14
Jun

I need a gray suit for a wedding... by this weekend. Any suggestions for an affordable (<$250) suit that I can rush order or pick up at a mall (in a mid-sized city)? I'm a 38R, but usually require a small bit of tailoring.

- Asked by Anonymous

Damn, you’re not one of those “planning ahead” type, eh? I hate to say this, but for that price range and time frame, you’re probably left with a lot of “not good” options. I don’t know many places that are willing to turn around alterations in 3-4 days.

If you’re on the trim side and have a Zara near you, then that’s an option. Their suits fall under your price range and you could either go the cotton route or try to find one that’s 100% wool. Definitely avoid their polyester-wool blends. Don’t expect the best construction though. Also, I don’t think they do alterations. The upside is that they sell pants and jackets separately.

You could also stop at a Macy’s and check out their Tommy Hilfiger “trim fit” line, also sold in separates. Most Macy’s do alterations and you could ask them to maybe put a rush on it.

Outside of that, in that price range, you might be relegated to *shudder* Men’s Warehouse or Jos. A. Bank, both of which I can’t recommend. If you do go this route, insist on something slimmer and also 100% wool (or cotton).

If you had more time, then I’d point you immediately toward Lands’ End’s tailored fit fine, which you can buy in separates. They’d need alterations though, but the upside is that LE often has 25-30% off sales if you subscribe to their email list. I have two LE suits and they’re decent beginners/workhorse suits once tailored.

If you’re willing to spend a little bit more money, then I’d recommend trying to hit up a Brooks Brothers or J.Crew or similar-tiered retailer.

In this case, your options are limited and you’re either going to end up spending more money than you want to get something decent or spending money on something that’s overpriced for the quality.

07
Jun

In a bit of a pinch - I have a wedding in 2 weeks and have been putting off picking up a cotton khaki suit from J Crew (done my homework, best bang for your buck IMO). Don't know if I'll be able to buy it & have it tailored in time for the wedding. That being said, would I be able to keep it safe and opting for a navy blazer with khakis? Shirt and tie in my eyes is mandatory. I wore the same combo to another summer wedding last summer and to a wedding this past spring.

- Asked by Anonymous

In regards to your first predicament, if you have a good relationship with your tailor and get your suit to them ASAP, then you might be able to have them knock it out in time. Ask if they have a “rush” fee or if it’s even possible. Tell them your situation, your deadline and politely ask if it’ll be possible to do. Worth a shot.

In regards to wearing a navy blazer and khakis (along with a dress shirt and tie), that could work. Because it’s a wedding, however, I’d go a bit more formal. If you have lightweight grey wool dress pants or even grey/white/natural tan linen trousers, those would look nice and a bit more of a step up from chinos.

Can’t decide between the two? Compromise solution: grey creased chinos.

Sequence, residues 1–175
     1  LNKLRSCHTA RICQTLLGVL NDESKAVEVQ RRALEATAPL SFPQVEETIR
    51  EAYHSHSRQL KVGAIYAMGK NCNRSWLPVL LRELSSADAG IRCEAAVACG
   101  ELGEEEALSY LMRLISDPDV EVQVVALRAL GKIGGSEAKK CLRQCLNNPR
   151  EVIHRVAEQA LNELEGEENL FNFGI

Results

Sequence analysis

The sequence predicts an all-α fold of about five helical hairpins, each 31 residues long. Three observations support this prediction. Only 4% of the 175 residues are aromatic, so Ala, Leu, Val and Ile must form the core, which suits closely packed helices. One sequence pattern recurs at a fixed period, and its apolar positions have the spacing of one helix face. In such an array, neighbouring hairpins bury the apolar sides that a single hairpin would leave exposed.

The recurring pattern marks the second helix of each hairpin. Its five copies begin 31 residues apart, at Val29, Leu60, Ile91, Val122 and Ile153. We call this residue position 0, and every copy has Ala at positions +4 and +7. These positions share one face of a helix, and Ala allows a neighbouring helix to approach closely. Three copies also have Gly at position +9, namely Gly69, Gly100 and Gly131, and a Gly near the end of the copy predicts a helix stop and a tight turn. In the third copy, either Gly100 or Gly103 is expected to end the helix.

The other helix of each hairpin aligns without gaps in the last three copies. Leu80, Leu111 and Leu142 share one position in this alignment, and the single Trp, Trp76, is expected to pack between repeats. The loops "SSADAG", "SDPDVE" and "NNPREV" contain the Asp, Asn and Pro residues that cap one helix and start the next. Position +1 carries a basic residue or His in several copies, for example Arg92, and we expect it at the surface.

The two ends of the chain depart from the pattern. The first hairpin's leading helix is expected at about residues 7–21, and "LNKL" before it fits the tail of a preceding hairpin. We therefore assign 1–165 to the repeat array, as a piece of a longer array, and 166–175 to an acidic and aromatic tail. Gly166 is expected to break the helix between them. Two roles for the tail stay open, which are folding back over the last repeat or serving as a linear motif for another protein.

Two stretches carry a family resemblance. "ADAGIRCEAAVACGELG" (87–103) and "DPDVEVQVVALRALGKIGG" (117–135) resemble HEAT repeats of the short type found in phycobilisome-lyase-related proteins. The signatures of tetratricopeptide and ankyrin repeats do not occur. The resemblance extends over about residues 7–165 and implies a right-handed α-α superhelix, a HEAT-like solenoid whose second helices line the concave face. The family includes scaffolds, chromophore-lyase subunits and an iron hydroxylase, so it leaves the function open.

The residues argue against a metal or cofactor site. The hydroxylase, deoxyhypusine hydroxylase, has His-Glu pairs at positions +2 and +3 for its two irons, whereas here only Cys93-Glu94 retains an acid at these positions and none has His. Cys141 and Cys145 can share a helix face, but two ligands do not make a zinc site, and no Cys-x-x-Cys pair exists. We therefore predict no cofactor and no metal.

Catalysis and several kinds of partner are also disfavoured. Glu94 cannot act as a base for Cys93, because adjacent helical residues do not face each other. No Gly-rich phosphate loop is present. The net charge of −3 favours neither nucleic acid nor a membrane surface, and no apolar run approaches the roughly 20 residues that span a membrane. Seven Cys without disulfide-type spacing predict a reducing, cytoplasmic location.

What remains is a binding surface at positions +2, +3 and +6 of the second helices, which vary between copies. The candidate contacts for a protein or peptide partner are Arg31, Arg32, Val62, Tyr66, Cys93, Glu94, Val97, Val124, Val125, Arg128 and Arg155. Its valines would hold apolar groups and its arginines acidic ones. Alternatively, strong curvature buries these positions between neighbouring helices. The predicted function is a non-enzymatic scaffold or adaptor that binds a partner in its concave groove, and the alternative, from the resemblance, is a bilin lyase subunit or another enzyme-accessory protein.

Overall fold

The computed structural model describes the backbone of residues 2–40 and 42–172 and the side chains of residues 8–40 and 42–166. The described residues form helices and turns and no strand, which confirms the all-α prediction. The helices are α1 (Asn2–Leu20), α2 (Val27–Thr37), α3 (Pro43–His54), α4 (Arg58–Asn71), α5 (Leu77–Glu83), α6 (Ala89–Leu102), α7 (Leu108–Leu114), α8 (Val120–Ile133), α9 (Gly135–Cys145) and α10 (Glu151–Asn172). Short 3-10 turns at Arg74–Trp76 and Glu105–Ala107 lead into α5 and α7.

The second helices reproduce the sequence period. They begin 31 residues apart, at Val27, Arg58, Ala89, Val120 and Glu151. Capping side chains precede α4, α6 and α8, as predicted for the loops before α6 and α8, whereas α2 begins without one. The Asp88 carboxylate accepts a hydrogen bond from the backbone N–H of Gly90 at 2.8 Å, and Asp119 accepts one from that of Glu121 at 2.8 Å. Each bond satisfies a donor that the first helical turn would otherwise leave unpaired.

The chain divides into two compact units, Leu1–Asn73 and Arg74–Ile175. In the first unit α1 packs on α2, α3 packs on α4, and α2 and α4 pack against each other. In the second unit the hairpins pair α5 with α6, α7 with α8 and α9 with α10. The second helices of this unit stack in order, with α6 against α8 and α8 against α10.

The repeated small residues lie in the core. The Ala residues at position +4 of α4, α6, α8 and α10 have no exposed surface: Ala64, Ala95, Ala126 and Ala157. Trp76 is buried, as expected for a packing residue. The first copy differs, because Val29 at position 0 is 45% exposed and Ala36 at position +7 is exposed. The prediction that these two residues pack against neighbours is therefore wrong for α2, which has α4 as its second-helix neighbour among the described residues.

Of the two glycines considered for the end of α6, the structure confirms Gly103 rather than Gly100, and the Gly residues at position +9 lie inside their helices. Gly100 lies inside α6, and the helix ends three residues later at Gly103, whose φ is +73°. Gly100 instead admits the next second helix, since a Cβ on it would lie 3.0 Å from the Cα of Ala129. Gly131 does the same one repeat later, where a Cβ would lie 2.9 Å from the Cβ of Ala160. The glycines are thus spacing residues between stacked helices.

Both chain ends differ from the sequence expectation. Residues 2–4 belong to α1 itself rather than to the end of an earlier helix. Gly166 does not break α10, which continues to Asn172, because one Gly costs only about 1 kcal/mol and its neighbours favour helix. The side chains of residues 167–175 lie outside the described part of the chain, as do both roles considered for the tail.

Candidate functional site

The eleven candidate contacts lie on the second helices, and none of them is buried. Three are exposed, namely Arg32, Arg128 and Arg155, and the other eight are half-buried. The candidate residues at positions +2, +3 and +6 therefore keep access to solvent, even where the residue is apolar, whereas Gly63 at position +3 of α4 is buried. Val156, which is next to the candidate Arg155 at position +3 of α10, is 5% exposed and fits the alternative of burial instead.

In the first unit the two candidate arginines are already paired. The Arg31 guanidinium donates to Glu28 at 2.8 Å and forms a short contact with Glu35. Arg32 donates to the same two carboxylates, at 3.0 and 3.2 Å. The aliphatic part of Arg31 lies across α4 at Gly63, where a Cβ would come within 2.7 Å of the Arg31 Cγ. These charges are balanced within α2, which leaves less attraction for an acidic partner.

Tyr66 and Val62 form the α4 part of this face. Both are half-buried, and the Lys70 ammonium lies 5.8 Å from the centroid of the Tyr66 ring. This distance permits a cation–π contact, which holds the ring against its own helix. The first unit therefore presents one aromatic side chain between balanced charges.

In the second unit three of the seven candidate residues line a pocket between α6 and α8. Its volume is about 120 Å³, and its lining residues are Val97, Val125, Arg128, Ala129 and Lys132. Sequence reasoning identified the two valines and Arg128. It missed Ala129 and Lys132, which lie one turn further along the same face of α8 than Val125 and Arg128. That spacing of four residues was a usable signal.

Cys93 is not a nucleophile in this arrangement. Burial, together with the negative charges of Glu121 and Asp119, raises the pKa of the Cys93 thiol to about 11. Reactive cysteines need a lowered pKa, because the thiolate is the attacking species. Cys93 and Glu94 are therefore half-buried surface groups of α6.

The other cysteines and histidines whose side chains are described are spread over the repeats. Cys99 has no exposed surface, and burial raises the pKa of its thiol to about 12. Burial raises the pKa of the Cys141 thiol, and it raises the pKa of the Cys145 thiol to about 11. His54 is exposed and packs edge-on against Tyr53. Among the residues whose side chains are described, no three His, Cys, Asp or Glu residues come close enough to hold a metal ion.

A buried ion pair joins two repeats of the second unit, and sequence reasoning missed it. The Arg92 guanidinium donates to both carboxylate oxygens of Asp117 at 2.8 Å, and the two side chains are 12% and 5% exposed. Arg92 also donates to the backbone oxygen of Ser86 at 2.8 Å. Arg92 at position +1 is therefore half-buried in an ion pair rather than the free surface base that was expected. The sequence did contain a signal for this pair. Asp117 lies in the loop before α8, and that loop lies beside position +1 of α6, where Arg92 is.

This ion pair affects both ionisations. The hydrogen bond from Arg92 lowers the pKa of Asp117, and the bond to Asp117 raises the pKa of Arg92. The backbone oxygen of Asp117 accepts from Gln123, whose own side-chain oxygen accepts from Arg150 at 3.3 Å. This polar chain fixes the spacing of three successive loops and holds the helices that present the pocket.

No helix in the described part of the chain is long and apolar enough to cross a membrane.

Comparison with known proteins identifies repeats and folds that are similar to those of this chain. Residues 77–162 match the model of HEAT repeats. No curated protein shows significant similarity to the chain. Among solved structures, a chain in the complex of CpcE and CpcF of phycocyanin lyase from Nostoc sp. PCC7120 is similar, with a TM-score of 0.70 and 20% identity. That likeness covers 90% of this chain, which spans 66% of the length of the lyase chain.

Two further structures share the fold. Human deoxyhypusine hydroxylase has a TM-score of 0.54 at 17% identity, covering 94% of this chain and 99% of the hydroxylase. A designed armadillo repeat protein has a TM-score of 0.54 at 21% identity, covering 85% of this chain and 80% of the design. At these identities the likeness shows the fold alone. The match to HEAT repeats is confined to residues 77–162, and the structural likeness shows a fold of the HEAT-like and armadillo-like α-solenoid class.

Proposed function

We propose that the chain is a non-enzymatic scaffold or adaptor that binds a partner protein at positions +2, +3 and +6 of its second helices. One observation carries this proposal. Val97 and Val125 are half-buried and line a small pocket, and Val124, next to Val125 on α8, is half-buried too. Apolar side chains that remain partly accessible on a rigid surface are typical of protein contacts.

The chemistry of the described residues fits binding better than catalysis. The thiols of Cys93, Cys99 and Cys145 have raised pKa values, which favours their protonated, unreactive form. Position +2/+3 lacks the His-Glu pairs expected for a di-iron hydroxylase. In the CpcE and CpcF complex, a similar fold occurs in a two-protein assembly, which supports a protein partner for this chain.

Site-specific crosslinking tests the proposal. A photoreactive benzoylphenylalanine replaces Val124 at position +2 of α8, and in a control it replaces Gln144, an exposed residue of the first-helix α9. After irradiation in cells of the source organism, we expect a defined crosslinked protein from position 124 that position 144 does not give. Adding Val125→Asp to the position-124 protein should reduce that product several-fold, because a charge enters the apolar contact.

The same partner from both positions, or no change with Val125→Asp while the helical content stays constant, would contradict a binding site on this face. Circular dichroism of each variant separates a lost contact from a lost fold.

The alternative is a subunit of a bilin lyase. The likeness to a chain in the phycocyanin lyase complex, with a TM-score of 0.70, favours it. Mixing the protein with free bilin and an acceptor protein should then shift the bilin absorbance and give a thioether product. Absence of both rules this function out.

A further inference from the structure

29
Apr
And&#8230; that&#8217;s all you&#8217;ll see of the royal wedding on my blog.

And… that’s all you’ll see of the royal wedding on my blog.

17
Nov
thisfits:

Morning dress, gentlemen. We must revive the tradition of wearing this for weddings in America. Who’s with me?

Agreed. This wearing of tuxedos before 5 p.m. has to stop at weddings. I blame Men&#8217;s Warehouse.

thisfits:

Morning dress, gentlemen. We must revive the tradition of wearing this for weddings in America. Who’s with me?

Agreed. This wearing of tuxedos before 5 p.m. has to stop at weddings. I blame Men’s Warehouse.

(via thisfits)

19
Aug

This just in.

putthison:

I have just learned that it costs about $150 to rent a tuxedo from The Men’s Wearhouse.

That’s horrible.

Just buy a tuxedo.

If you’re short on dough, wait for one of those 80% off sales at Jos. A Bank or create a saved search or two on eBay.  Spend $300.  Get something decent.  My whole set of formal clothes cost less than $200, including tailoring.

Come on.  $150?  To rent something horrible?  With a 100% polyester shirt?  Buy.

I would’ve preferred to buy, trust me. But this was one of those instances where it was insisted we all wear the same suit without variation. And when your friend asks you to do something like that for him on his special day, well, you suck it up and bite the bullet. If you agree to be part of the wedding party, then that’s what you sign up for.

12
Aug
What you need to know about renting a tuxedo from Men&#8217;s Warehouse
A few weeks ago I was part of a wedding party for two great friends that I&#8217;d known since high school. The whole ceremony and reception was fantastic and fun &#8212; as such things should be &#8212; and you&#8217;d have been hard pressed to find someone who wasn&#8217;t having fun while getting down on the dance floor.
In a way, the event became partially responsible for why I started this blog. I was talking with the groom&#8217;s brother (and best man) about style and eventually thought that it&#8217;d be a good idea to start writing down the things I&#8217;ve learned along the way and who else to look to for inspiration when it comes to dressing well.
The one thing that every guy in the groom&#8217;s party agreed upon was a bit of shock at the rental tuxedos from Men&#8217;s Warehouse. In general, I understand the reasoning behind going with rentals, especially Men&#8217;s Warehouse.
For one, the bridesmaids&#8217; dresses were all coming from David&#8217;s Bridal, which is a sister store to Men&#8217;s Warehouse. This meant that they could match colors in elements of the groomsmen suits with the dresses. Also, because the Men&#8217;s Warehouse is a nationwide chain, groomsmen could stop by in any store, have their measurements taken and pick up their suit at any location. There&#8217;s a significant convenience factor here. There&#8217;s one final argument to be made concerning cost of a rental versus cost of buying a new suit, but I&#8217;ll get into that later.